Tuesday, August 15, 2006

Perelandra

CS Lewis wrote three science fiction novels. I happened to find the first one, Out of the Silent Planet, in a box from my childhood, or probably from one of my brother's childhood. I doubt I would have read it, except that it was written by CS Lewis. It is an odd story about Dr Ransom who is kidnapped and taken to Mars. Sounds cheesy, and it was, but I liked it. Now I'm reading Perelandra, which I found on the bookshelves of our friends Ben and Sherri Tobias. They have a lot of good books on their shelves. It isn't striking me, but like the first book in the trilogy, it is picking up steam.

I'm including this excerpt because it struck me metaphorically the way I feel with God. Lewis says at the beginning, this book is NOT allegory. But see what you make of this excerpt, the beginning of chapter 6.

As soon as the Lady was out of sight Ransom's first impulse was to run his hands through his hair, to expel the breath from his lungs in a long whistle, to light a cigarette, to put his hands in his pockets, and in general, to go through all that ritual of relaxation which a man performs on finding himself alone after a rather trying interview. But he had no cigarettes and no pockets: nor indeed did he feel himself alone. That sense of being in Someone's Presence which had descended on him with such unbearable pressure during the very first moments of his conversation with the Lady did not disappear when he had left her. It was, if anything, increased. Her society had been, in some degree, a protection against it, and her absence left him not to solitude but to a more formidable kind of privacy. At first it was almost intolerable; as he put it to us, in telling the story, "There seemed no room." But later on, he discovered that it was intolerable only at certain moments -- at just those moments in fact (symbolised by his impulse to smoke and to put his hands in his pockets) when a man asserts his independence and feels that now at last he's on his own. When you felt like that, then the very air seemed too crowded to breathe; a complete fulness seemed to be excluding you from a place which, nevertheless, you were unable to leave. But when you gave in to the thing, gave yourself up to it, there was no burden to be borne. It became no a load but a medium, a sort of splendour as of eatable, drinkable, breathable gold, which fed and carried you and not only poured into you but out from you as well. Taken the wrong way, it suffocated; taken the right way, it made terrestrial life seem, by comparison, a vacuum. At first, of course, the wrong moments occurred pretty often. But like a man who has a wound that hurts him in certain positions, Ransom learned not to make that inner gesture. His day became better and better as the hours passed.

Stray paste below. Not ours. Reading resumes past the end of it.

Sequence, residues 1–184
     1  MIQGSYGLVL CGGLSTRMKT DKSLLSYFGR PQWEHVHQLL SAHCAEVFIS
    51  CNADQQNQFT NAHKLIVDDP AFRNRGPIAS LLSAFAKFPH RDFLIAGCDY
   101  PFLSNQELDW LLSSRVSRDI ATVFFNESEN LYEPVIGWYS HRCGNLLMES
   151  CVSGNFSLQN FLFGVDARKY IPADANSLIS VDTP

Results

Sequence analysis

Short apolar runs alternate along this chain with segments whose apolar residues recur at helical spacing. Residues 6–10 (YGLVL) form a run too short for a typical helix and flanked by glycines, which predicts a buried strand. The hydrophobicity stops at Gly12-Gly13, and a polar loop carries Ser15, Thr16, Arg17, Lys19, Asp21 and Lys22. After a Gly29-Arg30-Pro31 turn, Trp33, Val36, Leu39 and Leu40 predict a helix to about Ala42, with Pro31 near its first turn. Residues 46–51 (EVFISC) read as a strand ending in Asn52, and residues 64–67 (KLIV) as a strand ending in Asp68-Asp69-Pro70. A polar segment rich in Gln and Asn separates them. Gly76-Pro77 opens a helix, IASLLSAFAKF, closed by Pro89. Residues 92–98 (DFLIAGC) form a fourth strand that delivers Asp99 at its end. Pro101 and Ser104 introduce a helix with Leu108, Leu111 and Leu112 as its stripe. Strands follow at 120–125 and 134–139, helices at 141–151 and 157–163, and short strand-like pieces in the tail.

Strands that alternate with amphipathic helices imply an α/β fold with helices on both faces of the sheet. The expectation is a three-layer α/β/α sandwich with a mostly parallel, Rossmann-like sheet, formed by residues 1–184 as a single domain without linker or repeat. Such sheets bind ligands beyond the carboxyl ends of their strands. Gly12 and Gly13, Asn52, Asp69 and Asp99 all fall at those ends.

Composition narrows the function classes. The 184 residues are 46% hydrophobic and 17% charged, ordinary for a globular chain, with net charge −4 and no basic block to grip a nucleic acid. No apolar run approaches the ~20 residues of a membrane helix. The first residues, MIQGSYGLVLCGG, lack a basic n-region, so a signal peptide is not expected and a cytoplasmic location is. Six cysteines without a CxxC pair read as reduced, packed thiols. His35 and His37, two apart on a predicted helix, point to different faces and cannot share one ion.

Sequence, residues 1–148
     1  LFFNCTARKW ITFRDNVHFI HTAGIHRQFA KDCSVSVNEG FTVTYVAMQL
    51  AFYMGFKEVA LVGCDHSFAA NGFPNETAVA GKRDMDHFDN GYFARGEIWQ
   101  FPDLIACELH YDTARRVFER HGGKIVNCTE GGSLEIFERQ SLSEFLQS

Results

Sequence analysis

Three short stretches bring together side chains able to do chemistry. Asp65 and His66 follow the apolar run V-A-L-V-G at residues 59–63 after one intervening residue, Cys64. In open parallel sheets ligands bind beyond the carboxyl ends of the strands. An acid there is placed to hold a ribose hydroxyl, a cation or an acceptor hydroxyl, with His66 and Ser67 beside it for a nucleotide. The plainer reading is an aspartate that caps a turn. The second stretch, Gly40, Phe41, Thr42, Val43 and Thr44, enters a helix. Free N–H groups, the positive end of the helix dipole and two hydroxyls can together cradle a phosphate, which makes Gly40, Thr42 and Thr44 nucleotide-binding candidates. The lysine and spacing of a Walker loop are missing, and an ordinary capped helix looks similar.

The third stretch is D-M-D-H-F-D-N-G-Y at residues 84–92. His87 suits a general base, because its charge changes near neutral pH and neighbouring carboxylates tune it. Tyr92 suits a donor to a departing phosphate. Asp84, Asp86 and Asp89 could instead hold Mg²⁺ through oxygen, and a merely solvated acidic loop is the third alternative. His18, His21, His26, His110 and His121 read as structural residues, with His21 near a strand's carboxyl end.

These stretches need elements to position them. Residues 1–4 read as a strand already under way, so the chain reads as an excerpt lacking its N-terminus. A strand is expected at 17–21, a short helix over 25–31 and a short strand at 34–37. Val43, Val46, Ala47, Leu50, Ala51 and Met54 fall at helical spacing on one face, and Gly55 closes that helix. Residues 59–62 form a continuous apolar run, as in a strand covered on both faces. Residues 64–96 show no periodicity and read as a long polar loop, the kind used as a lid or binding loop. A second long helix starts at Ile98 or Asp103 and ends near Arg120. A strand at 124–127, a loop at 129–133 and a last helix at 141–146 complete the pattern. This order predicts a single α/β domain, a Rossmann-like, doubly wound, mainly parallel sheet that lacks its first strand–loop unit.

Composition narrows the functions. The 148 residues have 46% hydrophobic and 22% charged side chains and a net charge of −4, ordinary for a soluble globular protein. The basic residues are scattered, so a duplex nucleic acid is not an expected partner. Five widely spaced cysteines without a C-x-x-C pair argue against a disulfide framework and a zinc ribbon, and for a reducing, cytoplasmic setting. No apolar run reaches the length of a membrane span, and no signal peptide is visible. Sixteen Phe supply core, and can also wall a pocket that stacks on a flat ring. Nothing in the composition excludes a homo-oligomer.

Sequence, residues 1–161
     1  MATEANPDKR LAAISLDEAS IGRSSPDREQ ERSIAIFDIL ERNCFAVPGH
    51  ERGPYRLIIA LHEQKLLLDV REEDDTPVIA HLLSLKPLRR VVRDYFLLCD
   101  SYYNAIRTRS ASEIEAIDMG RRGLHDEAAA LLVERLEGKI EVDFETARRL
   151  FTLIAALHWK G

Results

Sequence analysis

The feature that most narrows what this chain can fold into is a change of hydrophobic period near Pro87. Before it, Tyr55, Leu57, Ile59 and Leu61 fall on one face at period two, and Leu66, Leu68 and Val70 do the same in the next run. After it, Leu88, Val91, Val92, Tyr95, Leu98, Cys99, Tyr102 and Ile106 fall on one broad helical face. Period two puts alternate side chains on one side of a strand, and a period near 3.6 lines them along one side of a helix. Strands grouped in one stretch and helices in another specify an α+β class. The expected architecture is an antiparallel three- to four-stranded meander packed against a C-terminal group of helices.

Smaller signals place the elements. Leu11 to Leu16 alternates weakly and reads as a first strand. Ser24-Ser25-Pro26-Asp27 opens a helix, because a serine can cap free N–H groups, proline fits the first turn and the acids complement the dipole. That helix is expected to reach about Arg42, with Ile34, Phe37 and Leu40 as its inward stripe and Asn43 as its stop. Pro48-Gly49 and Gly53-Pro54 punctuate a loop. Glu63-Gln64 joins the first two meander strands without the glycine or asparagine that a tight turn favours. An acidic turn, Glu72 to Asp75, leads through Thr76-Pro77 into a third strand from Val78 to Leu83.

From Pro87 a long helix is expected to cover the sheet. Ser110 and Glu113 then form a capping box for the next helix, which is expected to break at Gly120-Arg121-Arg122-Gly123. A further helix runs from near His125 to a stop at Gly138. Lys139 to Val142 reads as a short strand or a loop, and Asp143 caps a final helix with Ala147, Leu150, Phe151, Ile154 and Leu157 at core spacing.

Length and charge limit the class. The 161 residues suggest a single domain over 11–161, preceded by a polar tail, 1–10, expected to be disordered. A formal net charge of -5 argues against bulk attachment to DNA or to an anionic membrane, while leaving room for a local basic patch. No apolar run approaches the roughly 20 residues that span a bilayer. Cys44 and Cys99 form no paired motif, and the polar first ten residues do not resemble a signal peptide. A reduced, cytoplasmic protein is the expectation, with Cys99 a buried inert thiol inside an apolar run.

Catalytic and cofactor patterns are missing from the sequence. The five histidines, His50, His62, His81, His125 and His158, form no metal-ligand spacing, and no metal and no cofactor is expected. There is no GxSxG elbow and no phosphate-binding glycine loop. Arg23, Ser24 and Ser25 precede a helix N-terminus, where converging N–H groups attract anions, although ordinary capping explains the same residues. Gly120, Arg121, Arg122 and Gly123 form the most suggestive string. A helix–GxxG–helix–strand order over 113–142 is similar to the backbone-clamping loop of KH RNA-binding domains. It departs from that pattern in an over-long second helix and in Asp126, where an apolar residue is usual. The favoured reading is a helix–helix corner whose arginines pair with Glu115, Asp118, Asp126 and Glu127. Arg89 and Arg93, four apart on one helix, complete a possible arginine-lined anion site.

1 comment:

dan h. said...

Wow. I like that. I've actually never read anything by Lewis in its entirety. But I like this.
Thanks for posting it.